by Brenda L. Peterson, The Layoff Lady
A Harsh Truth About Job Searching
Job searching is hard. One of the things that makes it particularly challenging is that you can't actually control when you will get a new job. The whole process takes as long as it takes. To make all of that waiting bearable, it's helpful to focus on the aspects of your job search you can control.
My "day job" is working in the field of learning and development. One of my goals is to make sure that the performance support initiatives I'm designing (a class, a handout, a video) actually help solve a problem in a way that can be quantified. There are two kinds of indicators to help measure success: leading indicators and lagging indicators.
Lagging indicators are what we all typically want to focus on. If I'm delivering a training session for salespeople on how they can sell a given product, the lagging indicator after training would be that they sold more of the product than they did before training and that more people spent more money on that given product--ideally being able to state who did what using dollar amount or percentage of improvement. One trick is that I can’t control how salespeople use the information presented in training or that individuals want or need to purchase the product. They are also lagging indicators because those results take a bit to show up. However, this is what success is supposed to look like.
Leading indicators are where it's more helpful to focus. These are the easily measurable, countable, check-off-able items that are predominantly within your control. For this example, my leading indicators of success would be that we held a training session, having a list of who attended the training session, how they performed on an assessment based on the content covered, and that they received a job aid that contained talking points on the content covered. I can control all of these things. Of course, these leading indicators don't necessarily guarantee I'll achieve my lagging indicators. Still, they show that I'm going in the right direction and help position those salespeople to achieve the sales numbers we hope to see.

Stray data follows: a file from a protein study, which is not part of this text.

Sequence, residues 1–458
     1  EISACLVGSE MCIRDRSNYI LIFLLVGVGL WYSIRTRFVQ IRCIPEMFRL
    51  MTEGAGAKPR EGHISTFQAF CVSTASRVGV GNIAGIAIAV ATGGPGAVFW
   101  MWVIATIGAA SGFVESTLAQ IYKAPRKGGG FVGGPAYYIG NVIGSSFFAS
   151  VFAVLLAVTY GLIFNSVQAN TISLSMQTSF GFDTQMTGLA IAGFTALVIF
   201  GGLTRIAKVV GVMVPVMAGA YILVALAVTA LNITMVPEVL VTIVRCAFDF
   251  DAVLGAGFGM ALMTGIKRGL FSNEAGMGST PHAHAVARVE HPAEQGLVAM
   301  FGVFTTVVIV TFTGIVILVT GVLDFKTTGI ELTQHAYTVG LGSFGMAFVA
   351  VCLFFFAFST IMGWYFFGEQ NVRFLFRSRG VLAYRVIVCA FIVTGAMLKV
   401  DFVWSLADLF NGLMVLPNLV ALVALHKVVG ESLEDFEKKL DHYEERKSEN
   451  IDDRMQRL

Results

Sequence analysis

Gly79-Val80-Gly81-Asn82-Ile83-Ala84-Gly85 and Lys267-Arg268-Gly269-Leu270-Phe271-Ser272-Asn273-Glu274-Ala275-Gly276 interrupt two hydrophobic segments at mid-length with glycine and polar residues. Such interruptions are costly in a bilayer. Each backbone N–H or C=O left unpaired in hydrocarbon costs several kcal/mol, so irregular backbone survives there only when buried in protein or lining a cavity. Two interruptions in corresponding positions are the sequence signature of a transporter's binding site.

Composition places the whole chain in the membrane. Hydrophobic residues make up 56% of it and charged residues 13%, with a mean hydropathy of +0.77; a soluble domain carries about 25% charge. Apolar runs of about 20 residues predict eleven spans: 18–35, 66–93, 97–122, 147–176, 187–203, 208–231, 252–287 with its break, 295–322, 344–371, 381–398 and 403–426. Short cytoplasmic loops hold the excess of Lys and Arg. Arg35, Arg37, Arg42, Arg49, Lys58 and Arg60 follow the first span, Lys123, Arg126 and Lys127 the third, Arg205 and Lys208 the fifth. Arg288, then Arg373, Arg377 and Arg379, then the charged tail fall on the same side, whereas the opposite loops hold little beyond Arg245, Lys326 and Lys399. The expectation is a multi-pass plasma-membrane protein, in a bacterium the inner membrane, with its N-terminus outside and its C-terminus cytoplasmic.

Job Search: Lagging Indicators
Within the context of my job search, here are the tangible markers of success that I want to see:
All of these are lagging indicators. They are awesome because when they happen, they are definitive, and you know you have made legitimate progress toward getting a job. The trick is that many of these things happening at all--and what the timing might look like--is out of your control.
Ways to Achieve the Bigger Goal
While I can't directly make those lagging indicators happen, I can focus on strategies to position myself for more success in those areas, including the following:
Job Search: Leading Indicators.
Now, to turn those squishier ideas into leading indicators (which are specific, countable, check-off-able things I can put on a to-do list), here are items I can actually do in a given week:
Having this list of tangible actions to take keeps me on track to achieve my goal of starting a new job.
Keep On Doing The Right Things
Some weeks, you do a lot of waiting, which makes you feel like you are terrible at everything and will never work again. Other weeks, people seem to be falling all over themselves to talk with you about yet another amazing job opportunity. During those weeks, you feel like this is all easy and you can do no wrong.
During those slow weeks, it's helpful to remember to keep on doing those right things. Fine-tune as needed and know that your best strategy is to keep on keeping on. Put in the work, then trust the process.
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7-time layoff survivor Brenda L. Peterson, The Layoff Lady, waxes poetic on layoffs, job transitions, & career resilience.